Missouri and Arkansas May 03—12, 2013

Posted by Steve Hilty

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Steve Hilty

Steve Hilty is the senior author of A Guide to the Birds of Colombia, and author of Birds of Venezuela, both by Princeton University Press, as well as the popular Birds of ...

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This trip is a complete immersion into the Ozarks and adjacent tallgrass prairie regions, including natural history, geology, hydrology, and human history. I think that it is not possible to fully understand this region without understanding something about its geologic history and hydrology as well. This trip is much about birds in the early mornings, but there is plenty of botanizing and time devoted to other natural history aspects as well. Visits to two tallgrass prairie sites, a spectacular cave trip, a canoe float trip, some time devoted to visiting several types of large springs (these are world-class springs), an evening of old-time folk music, and an afternoon of crafts complete our immersion in this interesting region. All in all, we think this trip is one of the best-kept secrets in the country, and our list of 27 species of warblers and over 230 species of plants identified during the trip is only a part of what makes this trip so interesting.

Our field lists reflect this wide range of activities—birds, plants, mammals, butterflies, and herps. This was an unusually cold spring, as well as a fairly wet one, and spring in all aspects was delayed. This was quite apparent during the first two-and-a-half-days when it remained cold and windy at Prairie State Park, at Roaring River State Park, and even at Drury-Mincy Conservation Area. Consequently, spring flowers were far behind normal, and many trees were still without leaves. This also may have held up spring warblers some because, although we tallied a surprisingly high number of warblers (27 species), several species I might normally have expected were not seen. We did see all 18 species of warblers that regularly breed in the Ozarks and many of them were seen and heard repeatedly—even daily—which provided an opportunity to learn their songs and habits.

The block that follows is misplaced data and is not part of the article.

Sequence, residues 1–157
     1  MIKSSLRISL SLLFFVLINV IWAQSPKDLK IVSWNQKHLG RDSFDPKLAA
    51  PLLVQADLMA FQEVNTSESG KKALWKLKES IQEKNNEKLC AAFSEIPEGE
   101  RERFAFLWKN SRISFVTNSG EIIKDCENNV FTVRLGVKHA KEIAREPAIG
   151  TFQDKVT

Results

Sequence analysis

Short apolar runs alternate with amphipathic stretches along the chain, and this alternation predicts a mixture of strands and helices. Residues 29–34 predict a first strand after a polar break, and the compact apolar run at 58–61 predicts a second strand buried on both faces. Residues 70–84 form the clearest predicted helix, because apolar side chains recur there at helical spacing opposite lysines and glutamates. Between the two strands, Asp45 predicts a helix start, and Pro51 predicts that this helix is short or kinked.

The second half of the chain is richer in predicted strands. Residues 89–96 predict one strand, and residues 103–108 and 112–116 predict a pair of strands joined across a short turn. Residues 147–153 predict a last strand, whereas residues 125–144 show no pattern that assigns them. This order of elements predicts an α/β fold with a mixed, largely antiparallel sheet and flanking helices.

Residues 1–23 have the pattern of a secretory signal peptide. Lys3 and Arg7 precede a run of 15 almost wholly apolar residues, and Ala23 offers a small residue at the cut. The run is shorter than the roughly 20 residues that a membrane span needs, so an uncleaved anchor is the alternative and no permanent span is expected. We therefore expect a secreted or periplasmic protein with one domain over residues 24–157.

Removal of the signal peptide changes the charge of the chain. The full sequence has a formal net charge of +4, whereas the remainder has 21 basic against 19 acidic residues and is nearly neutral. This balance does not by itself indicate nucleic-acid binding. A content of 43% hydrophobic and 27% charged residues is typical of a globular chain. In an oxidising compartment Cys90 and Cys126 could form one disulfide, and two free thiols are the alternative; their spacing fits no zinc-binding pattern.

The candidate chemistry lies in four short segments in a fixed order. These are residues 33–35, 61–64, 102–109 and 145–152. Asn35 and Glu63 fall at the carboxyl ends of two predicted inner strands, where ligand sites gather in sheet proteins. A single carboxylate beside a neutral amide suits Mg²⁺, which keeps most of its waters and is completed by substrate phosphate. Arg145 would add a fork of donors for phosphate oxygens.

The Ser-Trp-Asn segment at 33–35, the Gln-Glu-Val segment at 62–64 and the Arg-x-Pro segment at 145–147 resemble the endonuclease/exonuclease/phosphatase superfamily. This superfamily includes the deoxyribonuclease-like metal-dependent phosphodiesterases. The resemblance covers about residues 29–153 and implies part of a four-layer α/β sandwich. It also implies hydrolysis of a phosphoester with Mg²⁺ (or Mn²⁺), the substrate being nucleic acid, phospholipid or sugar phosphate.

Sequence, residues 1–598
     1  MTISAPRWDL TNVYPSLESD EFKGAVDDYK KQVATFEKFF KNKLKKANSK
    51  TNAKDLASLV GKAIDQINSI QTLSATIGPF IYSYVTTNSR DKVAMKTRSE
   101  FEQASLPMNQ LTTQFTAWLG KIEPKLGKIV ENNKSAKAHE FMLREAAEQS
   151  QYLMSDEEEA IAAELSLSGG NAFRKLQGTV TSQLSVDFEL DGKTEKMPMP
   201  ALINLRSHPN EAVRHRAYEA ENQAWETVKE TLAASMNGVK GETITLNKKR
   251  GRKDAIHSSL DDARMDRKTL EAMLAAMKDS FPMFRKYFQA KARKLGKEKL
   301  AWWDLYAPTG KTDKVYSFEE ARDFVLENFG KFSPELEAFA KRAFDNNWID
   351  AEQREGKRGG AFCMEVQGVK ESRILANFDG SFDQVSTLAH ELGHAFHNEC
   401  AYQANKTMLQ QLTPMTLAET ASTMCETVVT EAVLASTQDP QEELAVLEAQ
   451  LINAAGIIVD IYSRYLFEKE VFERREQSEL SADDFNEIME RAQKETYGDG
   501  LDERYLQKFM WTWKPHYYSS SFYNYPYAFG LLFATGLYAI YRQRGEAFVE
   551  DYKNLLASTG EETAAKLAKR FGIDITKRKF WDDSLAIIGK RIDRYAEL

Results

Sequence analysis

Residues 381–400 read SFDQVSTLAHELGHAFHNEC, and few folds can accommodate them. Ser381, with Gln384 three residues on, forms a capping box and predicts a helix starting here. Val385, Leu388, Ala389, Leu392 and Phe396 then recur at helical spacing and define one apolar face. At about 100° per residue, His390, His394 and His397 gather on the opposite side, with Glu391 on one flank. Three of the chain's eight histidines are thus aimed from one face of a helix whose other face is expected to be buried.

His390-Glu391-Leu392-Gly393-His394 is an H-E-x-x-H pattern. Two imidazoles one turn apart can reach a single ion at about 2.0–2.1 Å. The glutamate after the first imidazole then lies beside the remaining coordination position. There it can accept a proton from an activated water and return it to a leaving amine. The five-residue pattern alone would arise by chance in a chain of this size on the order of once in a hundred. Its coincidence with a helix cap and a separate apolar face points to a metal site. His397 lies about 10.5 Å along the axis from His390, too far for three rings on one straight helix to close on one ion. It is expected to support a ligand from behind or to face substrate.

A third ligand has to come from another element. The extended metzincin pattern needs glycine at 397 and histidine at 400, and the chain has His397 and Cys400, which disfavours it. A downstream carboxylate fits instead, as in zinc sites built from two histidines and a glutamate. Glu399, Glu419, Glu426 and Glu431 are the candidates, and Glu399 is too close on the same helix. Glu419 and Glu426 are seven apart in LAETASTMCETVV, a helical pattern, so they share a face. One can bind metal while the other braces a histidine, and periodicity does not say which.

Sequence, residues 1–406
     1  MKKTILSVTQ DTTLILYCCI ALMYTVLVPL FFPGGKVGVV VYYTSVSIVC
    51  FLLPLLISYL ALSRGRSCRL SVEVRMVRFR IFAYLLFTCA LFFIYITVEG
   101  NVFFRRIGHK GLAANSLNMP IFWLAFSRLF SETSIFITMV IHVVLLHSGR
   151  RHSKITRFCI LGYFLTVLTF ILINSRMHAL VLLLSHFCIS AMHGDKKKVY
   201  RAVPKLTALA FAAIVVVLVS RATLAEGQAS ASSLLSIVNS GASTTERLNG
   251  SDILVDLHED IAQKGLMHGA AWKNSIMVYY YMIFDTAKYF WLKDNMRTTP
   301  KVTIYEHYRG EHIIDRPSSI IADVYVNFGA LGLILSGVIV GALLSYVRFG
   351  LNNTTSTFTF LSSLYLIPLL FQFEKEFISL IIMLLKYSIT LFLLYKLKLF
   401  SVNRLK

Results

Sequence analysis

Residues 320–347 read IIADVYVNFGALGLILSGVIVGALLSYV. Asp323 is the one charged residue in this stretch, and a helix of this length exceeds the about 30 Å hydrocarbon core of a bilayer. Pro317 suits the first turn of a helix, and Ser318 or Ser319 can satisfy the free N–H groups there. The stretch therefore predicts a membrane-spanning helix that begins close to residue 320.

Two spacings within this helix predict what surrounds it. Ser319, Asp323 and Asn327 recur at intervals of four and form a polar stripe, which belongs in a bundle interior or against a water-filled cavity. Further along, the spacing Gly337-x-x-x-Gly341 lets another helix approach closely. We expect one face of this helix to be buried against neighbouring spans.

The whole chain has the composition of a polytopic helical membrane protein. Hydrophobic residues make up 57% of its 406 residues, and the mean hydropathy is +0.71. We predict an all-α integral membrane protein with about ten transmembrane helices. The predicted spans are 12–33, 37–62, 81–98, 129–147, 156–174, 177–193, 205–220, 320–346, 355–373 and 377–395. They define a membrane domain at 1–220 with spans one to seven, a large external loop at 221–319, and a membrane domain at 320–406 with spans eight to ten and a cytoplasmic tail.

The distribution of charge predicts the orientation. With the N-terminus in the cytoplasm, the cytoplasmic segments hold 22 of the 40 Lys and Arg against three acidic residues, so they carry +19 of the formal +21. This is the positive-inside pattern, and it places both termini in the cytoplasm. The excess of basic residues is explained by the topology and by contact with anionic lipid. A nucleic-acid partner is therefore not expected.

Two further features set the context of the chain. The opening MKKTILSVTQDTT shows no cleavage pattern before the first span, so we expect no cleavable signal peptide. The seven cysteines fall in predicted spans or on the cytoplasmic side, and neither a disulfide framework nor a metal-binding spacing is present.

Some highlights included gorgeous Scarlet Tanagers on several occasions, three male Cerulean Warblers seen well (others heard), two Worm-eating Warblers, a Swainson’s Warbler and, yes, even a pair of Trumpeter Swans; we saw an introduced pair that are free-flying, but have decided not to migrate (as is the case now with the widespread Canada Goose). Other highlights included a pair of Peregrine Falcons, Fish Crows, and Eurasian Collared-Doves now just about everywhere; a group of Clay-colored Sparrows; close studies of Henslow’s Sparrows; and Scissor-tailed Flycatchers scattered throughout the trip.

The weather was perfect for the canoe trip—partly sunny with a splendid symphony of bird song along the Buffalo River. Wild Bill’s fiberglass canoes were perfect as we glided smoothly over deep bass pools and quick-running riffles. Large numbers of Map Turtles and some Cooters basked on logs, herons flushed ahead of the canoes, and we had the entire river to ourselves.

The Blanchard and Mountain View areas offer something for everyone–caves, springs, warblers, a great diversity of plants, music, crafts, and lots of food. We finished the trip with a stop on the Missouri-Arkansas border at Mammoth Springs, a dinner at Fred’s Fish House, a day visiting three different kinds of springs—Greer, which boils up with great force; Falling Spring, which issues from a cliff; and Blue Spring, which is stunning for its clarity, color, and peaceful setting (but not so blue this year because of so much rain). And the warblers were terrific on this final day with a total of 20 species tallied.